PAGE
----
I just successfully pressure canned four pints of garbanzo beans! Woooohoooo!
Last week, my mother sent me a new pressure canner as an early birthday present. It’s a 23 quart Presto model, which is enormous but wonderful. I just moments ago turned the heat off of the stove after a successful 75 minutes at 12 pounds of pressure (it was a little high the whole time–I was really aiming for 11–but better too high than too low). Now I’m just going to let the canner depressurize over night and hope that they seal properly. No explosions. No scary safety vent action. I’M SO EXCITED!
Also, my sauerkraut came out quite well. I promise to post pictures later. Now it’s time to go to bed!
And, yes, we still have our Christmas lights up.
So last night’s foray into pressure canning went almost as badly as these things can go. Almost. No one got injured, so it wasn’t a complete disaster, but it was still pretty bad. Here’s what happened.
I heated up my jars and cooked my beans, per the directions. I filled the jars and got ready for processing. I put the jars into the canner and locked on the lid. Then I let the steam vent for 15 minutes, per the instructions. And then I was too terrified to close the vent myself with the weighted gauge, so I got Michael to do it for me. I have a hilarious photo of him in his “safety gear” because I spooked him so badly by being terrified of doing it myself. I’ll post the photo later, I promise. Then I waited a few minutes until the gauge started rocking. That took about five minutes, and then I started the timer. 75 minutes of processing time. I finally felt pretty relieved at this point, as nothing had blown up yet. I just needed the pressure to maintain at that level for 75 minutes, and then let the canner cool (overnight, it was pretty late), and then I’d have tasty beans, yay!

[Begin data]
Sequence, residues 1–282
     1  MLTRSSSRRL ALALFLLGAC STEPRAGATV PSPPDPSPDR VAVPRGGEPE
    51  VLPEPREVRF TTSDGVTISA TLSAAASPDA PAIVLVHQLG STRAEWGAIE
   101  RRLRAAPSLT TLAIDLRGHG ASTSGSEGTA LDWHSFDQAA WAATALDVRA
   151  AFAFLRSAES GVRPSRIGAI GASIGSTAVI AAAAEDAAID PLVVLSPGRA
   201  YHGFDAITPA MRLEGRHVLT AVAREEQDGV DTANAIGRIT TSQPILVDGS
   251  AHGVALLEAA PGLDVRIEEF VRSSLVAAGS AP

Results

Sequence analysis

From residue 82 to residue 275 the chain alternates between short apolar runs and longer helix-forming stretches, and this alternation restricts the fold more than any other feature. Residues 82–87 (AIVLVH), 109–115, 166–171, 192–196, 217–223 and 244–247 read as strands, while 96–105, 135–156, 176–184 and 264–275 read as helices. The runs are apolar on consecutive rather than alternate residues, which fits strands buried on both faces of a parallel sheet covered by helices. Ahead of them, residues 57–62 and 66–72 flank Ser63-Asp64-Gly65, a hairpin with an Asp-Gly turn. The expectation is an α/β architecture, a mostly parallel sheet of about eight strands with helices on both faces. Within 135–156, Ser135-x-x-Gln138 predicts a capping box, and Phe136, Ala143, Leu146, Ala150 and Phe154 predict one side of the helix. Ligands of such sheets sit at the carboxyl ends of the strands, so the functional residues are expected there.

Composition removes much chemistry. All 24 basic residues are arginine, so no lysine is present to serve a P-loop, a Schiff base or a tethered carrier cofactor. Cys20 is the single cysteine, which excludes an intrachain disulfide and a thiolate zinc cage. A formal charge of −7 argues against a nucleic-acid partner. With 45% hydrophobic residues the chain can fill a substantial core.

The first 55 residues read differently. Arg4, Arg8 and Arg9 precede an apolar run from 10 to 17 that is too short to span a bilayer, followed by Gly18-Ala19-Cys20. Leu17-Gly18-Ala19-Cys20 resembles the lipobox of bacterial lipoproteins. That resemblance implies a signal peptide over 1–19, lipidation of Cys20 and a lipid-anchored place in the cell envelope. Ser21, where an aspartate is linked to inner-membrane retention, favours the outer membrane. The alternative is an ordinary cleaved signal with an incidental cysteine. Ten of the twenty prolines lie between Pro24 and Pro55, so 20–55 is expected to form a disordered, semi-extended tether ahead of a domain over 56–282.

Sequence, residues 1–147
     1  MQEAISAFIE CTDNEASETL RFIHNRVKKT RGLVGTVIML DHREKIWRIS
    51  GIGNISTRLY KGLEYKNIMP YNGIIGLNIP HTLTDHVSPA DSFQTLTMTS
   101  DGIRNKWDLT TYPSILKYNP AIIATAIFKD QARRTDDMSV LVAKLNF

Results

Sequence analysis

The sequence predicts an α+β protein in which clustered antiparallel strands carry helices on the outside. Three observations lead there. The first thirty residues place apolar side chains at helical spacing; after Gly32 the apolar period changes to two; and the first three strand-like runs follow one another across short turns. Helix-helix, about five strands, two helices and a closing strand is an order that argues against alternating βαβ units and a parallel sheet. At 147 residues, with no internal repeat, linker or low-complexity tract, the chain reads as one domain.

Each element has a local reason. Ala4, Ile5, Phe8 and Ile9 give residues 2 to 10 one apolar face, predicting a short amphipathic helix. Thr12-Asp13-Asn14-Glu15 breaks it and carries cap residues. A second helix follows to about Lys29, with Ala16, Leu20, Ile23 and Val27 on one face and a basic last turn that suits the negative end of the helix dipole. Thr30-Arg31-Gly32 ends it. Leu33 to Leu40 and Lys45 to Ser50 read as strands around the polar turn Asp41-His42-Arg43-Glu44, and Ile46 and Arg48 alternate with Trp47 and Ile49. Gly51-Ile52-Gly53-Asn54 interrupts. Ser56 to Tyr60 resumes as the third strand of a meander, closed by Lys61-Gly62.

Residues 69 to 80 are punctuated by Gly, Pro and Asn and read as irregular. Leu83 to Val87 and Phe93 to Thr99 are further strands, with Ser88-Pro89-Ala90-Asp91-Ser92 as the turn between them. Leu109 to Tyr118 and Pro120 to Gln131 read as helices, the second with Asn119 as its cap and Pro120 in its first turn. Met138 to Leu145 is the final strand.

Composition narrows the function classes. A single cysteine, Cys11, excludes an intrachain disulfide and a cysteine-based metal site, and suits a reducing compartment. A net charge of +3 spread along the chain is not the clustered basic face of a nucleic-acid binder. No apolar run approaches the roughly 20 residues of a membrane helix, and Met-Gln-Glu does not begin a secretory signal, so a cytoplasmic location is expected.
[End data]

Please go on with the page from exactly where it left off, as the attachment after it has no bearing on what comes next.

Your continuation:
Wrong. So I stayed in the kitchen the whole time just to make sure the gauge was still rocking, so I could know for sure the pressure stayed at the right level. Unfortunately, at about the 50 minute mark, the canner dropped pressure. The weight wasn’t rocking anymore. I wasn’t really sure what to do. I emailed the lovely Marisa McClellan of Food in Jars about the issue, and she suggested it might be an issue with the gasket. I turned up the heat on the stove to try to bring the pressure back up. It worked for a few minutes, but then the pressure dropped again. I turned the heat up again. Same thing. And then my safety vent blew and steam shot out of it like a volcano. That is not an exaggeration.
So, that was terrifying. Turns out the gasket was cracked. I’ve decided to replace my canner, however. I’ve had a few too many terrifying experiences with this one. Yikes.
For those readers out there who don’t know me personally, this will be a new story. For those of you who do, you already know this one. Feel free to skim.
Last summer, I was canning some pickled asparagus I had made (using a recipe from Ashley English’s Homemade Living Canning 101 book) in my brand new-to-me canner my grandmother gave me. It’s an 8 quart Mirro-Matic (does that brand even exist anymore?!) pressure canner, and I was soooo excited to use it! The thing is, I didn’t really understand that you can do water bath canning in any large pot with a lid, basically. I thought you had to use a canner. Like the pressure canner I had just received. Disaster ensued.
An 8 quart canner really isn’t large enough to hold enough water to completely cover three pint jars and not be at risk of boiling over. And locking the lid in place over all that? Terrible idea. Naturally, I got scalded. Badly. Badly. My right arm, stomach, and right breast all received 2nd degree burns, and I still have the scars (at least) six months later.
So I’ve been a little afraid to actually try pressure canning. Of course, now I know why what I did was wrong, but it still makes me a bit nervous. And yet, here I am, pressure canning some black beans for the very first time. So far, I’m injury-free, but I’m definitely still nervous. I’m currently venting the pot and am going to start timing it pretty soon. I’ll post an update on my beans (and well-being) later.